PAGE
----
LONDON -- "They want it. They want it all. They want it everywhere -- whenever, however -- and they want it all," Reuters (RTRSY) CEO Peter Job told investors in London on Tuesday.
He was talking about news. Not just any old news, but news delivered over the Internet. Reuters has finally played its Internet card. It's a move investors have been waiting more than a year for.
Reuters, the world's largest financial news and data provider, announced that it will depart from its previous strategy of selling almost exclusively to financial institutions, which account for 80% of the information giant's current customer base. Instead, it will begin an ambitious plan of targeting the growing European community of private investors.
Job also announced major initiatives designed to accelerate Reuters' use of Internet technologies. He revealed key joint ventures with research-report aggregator
and U.S. wireless company
. These, coupled with last week's
joint venture to provide secure data over the Web, will give Reuters significant distribution capabilities over the Internet.
Traders greeted the news with rapture. Reuters shares rose by 20% in their biggest one-day rise in over a decade; New York-traded ADRs surged 26 1/8, or 26%, to 125 1/2.
Job himself may not sound like an Internet guru -- he delivered gung-ho statements like "the Internet could have been created for Reuters" with all the dynamism of limp lettuce -- but that did nothing to dampen the market's spirits.
Reiko Strauss, an analyst at
Warburg Dillon Read
, says Reuters is making the right move in seeking partners to marry its content and brand name with stronger distribution networks.
"Combining strengths from both parties creates cost and revenue synergies," she says. "With a joint venture, you get all the benefits of a merger without the messiness of integration. Furthermore, there is huge potential to unlock value in the form of a future IPO."
To a certain extent, the enthusiasm over the new strategy is justified -- it is what the City, as London's financial district is known, has wanted. However, the rise is probably overly optimistic and should level out in coming days. The news, after all, was expected; astute investors could have picked up Reuters shares a month ago for 39% less.
Reuters is regrouping its main businesses and rerouting its traditional products -- news and financial data -- over the Internet. The company is also going to change its traditional style of news reporting to target a wider audience of retail investors.
Reuters, of course, is in a pretty good position to jump on the world's current passion for news and information about the financial markets. As Job himself pointed out, the group has a vast global editorial team that covers every major region.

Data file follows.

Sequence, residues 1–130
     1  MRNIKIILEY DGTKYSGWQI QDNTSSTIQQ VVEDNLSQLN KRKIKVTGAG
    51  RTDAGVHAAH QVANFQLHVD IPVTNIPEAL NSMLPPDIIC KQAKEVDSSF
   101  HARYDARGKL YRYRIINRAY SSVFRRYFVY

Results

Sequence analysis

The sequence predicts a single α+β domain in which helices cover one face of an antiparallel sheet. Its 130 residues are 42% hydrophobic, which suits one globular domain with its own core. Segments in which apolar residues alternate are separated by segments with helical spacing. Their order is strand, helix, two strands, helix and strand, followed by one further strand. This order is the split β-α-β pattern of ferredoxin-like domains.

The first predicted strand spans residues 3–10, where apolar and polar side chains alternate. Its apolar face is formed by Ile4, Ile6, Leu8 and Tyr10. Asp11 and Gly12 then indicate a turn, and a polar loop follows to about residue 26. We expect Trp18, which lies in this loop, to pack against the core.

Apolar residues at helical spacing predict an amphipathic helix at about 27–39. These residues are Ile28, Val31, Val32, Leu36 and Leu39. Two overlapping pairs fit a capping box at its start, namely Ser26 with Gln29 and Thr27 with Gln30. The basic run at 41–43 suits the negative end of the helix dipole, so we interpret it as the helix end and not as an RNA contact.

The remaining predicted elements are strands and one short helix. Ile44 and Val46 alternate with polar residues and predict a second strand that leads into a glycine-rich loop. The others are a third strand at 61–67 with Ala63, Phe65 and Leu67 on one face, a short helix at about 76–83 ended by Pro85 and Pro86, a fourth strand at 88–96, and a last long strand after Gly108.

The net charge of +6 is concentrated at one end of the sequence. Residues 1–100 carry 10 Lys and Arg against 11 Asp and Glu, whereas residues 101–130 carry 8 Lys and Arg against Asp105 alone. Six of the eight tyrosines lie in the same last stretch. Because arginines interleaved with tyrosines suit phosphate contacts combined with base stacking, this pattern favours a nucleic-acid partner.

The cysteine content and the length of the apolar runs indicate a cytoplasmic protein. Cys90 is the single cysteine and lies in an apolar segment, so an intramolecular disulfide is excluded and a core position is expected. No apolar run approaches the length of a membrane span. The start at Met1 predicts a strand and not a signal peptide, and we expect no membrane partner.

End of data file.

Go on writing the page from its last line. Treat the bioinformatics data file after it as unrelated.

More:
Still, there are issues Job must address.
First, cost. The reorganization, which will include a charge of 300 million pounds ($483.80 million) over two years, will cause profit in Reuters' largest division to move "significantly lower" this year, the company said. The migration to Internet technology will cost 500 million pounds over four years.
Second, time. Its plan to build a retail investor site to compete with existing sites, including
, the publisher of this Web site, is ambitious. It will have to start from scratch, but Job says that within a year Reuters will create a site giving private investors access to Reuters news and data, as well as the trading services of its
Third, the dynamic between institutional and retail clients. Job was elusive about how Reuters was going to manage subscribers. Its traditional sales income comes from sales of the Reuters financial information terminals and trading systems. Reuters will continue with this institutional business, but will offer services in tiered subscriptions. It is hard to charge people different prices for essentially the same product.
Fourth, content. No one disputes that Reuters' most valuable asset is news content and data. But this is targeted at institutions. Job failed to address how Reuters will adapt its editorial for the man on the street. Nor do institutions want a dumbed-down version of news.
Fifth, competition. Reuters itself has been forced to make this move by investors who saw Reuters' dependence on premium news under threat from news providers who distribute content free over the Internet. Job dismissed the "young Internet start-up news providers" as overvalued, lacking in experience, assets and editorial quality. Maybe, but the U.S. experience has shown that the most successful Internet sites --
-- are start-ups that do not carry the baggage of existing management and technologies.
Still, Reuters' move onto the Net is long overdue. The value in the group's content was undoubted -- it was its lack of direction on distribution that was the problem. The question isn't whether it made the right move, but rather, whether it has waited too long to morph from a wire service into an Internet company.